By Kimberly Patch
Apple’s iPhone 4S has taken a couple of nice big steps toward adding practical speech to smart phones. There are still some big gaps, mind you. I’ll get to those as well.
Speech on the keyboard
The long-awaited speech button is now part of the keyboard. Everywhere there’s a keyboard you can dictate rather than type. This is far better than having to use an app to dictate, then cut and paste into applications. This is one of the big steps. This will make life much easier for people who have trouble using the keyboard. And I suspect a large contingent of others will find themselves dictating into the iPhone a good amount of time, increasingly reserving the keyboard for situations where they don’t want to be overheard.
The key question about speech on the keyboard is how it works beyond the letter keys and straight dictation.
For instance, after you type
“Great! I’ll meet you at the usual place (pool cue at the ready) at 6:30.”
how easy is it to change what you said to something like this?
“Excellent :-) I’ll meet you at the usual place (pool cue at the ready) at 7:00.”
And then how easy is it to go back to the original if you change your mind again?
After we all use the speech assistant for a couple of days or weeks it‘ll become readily apparent where Siri lies on the very-useful-to-very-annoying continuum.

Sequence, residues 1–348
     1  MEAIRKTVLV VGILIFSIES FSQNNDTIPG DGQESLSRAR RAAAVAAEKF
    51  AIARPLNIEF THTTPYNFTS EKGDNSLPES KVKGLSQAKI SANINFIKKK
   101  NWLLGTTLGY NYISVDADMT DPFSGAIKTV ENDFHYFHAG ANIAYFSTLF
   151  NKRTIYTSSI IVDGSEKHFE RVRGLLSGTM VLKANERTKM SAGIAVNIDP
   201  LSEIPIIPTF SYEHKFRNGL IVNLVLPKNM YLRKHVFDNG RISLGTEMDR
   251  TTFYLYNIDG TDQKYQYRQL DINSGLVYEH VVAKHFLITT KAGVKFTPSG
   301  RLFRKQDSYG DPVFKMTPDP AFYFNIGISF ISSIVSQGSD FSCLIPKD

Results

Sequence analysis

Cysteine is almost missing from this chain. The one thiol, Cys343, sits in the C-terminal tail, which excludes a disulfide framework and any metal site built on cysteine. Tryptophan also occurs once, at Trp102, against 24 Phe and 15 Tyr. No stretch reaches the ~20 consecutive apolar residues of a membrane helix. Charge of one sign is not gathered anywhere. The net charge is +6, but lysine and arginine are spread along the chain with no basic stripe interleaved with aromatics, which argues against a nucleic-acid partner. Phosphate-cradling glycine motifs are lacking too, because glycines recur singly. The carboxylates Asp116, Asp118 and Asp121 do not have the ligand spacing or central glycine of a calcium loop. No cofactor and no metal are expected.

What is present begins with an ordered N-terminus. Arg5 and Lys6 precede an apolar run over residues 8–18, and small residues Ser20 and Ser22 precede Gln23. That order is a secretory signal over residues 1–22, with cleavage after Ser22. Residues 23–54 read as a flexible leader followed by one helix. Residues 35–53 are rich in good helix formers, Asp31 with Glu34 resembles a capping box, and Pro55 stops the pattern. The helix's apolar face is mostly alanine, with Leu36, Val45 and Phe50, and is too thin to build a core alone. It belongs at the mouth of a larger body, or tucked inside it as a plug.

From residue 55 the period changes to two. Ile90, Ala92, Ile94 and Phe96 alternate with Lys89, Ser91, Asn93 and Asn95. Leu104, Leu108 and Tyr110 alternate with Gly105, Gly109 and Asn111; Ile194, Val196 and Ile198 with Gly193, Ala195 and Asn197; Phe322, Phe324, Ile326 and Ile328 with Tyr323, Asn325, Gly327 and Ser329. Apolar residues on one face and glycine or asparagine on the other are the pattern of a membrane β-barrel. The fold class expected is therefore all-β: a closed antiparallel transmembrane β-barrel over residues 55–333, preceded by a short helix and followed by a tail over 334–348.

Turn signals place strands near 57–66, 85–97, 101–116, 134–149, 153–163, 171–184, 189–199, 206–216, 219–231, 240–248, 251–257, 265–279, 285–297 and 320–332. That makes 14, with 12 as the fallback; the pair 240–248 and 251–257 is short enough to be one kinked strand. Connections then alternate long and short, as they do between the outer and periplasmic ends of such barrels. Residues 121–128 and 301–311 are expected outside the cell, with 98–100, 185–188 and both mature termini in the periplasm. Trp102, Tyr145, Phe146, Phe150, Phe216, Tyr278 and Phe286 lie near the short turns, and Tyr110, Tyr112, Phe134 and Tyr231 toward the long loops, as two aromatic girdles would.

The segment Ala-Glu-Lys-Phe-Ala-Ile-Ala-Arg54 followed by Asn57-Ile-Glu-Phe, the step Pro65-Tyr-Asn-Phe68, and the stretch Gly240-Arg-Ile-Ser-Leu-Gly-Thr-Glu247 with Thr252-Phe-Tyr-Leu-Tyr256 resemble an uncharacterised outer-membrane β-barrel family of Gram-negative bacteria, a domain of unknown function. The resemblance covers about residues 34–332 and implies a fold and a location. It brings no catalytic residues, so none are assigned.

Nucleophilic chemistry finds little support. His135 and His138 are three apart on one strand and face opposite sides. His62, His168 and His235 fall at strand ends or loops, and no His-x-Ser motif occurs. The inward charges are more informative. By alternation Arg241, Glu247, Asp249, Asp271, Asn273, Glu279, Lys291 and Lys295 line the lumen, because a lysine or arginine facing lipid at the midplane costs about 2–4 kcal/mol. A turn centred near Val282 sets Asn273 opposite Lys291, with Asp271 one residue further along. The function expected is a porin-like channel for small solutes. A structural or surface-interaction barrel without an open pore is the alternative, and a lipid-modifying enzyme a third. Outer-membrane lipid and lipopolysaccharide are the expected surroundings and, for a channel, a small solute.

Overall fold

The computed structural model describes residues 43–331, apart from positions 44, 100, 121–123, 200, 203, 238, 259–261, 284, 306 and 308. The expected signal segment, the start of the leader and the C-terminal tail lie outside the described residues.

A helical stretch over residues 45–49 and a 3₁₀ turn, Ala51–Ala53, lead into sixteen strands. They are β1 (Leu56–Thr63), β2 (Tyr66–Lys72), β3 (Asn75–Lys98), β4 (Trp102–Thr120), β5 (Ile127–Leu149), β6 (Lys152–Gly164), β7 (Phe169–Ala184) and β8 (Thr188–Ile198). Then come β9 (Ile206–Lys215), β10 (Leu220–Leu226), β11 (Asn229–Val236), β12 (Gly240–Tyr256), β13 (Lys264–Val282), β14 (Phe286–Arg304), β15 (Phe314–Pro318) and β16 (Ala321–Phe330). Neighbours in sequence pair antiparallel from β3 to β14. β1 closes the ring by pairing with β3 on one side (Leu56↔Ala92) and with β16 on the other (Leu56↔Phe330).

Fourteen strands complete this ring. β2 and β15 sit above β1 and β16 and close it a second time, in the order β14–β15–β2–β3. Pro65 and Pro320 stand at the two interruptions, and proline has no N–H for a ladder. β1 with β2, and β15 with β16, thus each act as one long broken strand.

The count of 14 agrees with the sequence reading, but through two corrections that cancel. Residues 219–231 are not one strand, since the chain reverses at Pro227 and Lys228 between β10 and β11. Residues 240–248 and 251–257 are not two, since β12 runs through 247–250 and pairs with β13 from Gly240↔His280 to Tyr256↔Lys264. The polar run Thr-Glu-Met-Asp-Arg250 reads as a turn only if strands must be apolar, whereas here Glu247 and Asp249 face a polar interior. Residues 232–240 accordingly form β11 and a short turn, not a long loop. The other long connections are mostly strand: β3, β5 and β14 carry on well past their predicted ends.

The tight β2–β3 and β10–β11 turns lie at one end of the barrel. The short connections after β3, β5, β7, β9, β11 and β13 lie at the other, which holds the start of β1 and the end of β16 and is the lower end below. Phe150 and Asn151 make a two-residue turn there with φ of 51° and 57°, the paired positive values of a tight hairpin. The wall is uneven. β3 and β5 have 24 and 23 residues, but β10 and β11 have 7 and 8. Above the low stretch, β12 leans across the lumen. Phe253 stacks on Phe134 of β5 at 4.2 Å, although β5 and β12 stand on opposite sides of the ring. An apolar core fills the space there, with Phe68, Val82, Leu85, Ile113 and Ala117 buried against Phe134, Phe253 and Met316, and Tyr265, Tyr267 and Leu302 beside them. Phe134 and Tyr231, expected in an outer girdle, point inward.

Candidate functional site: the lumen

The key parameters are
– how much time Siri saves you
– how a particular type of Siri audio feedback hits you the10th time you’ve heard it
– how physically and cognitively easy it is to switch between the assistant and whatever you have to do with your hands on the phone.
One thing that has the potential to tame the annoyance factor is giving users some control over the feedback.
I think the tricky thing about computer-human feedback is it’s inherently different from human-human feedback. One difference is the computer has no feelings and we know that. Good computer-human feedback isn’t necessarily the same as good human-human feedback.
The big gap
There’s still a big speech gap on the iPhone. Speech is still just a partial interface.
Picture sitting in an office with a desktop computer and a human assistant. Type anything you want using the letter keys on your keyboard or ask the assistant to do things for you. You could get a fair amount of work done this way, but there’d still be situations where you’d want to control your computer directly using keyboard shortcuts, arrow keys or the mouse. Partial interfaces have a high annoyance factor.
Even if you use a mix of speech, keyboard and gesture, if you’re able to choose the method of input based on what you want to do rather than what happens to be available, true efficiencies will emerge.
Ultimately, I want to be able to completely control my phone by speech. And I suspect if we figure out how to do that, then make it available for everyone, the general mix of input will become more efficient.
I’d like to see the computer industry tap folks who have to use speech recognition as testers. I think this would push speech input into practical use more quickly and cut out some of the annoyance-factor growing pains.
What do you think? Let me know at Kim@ this domain name.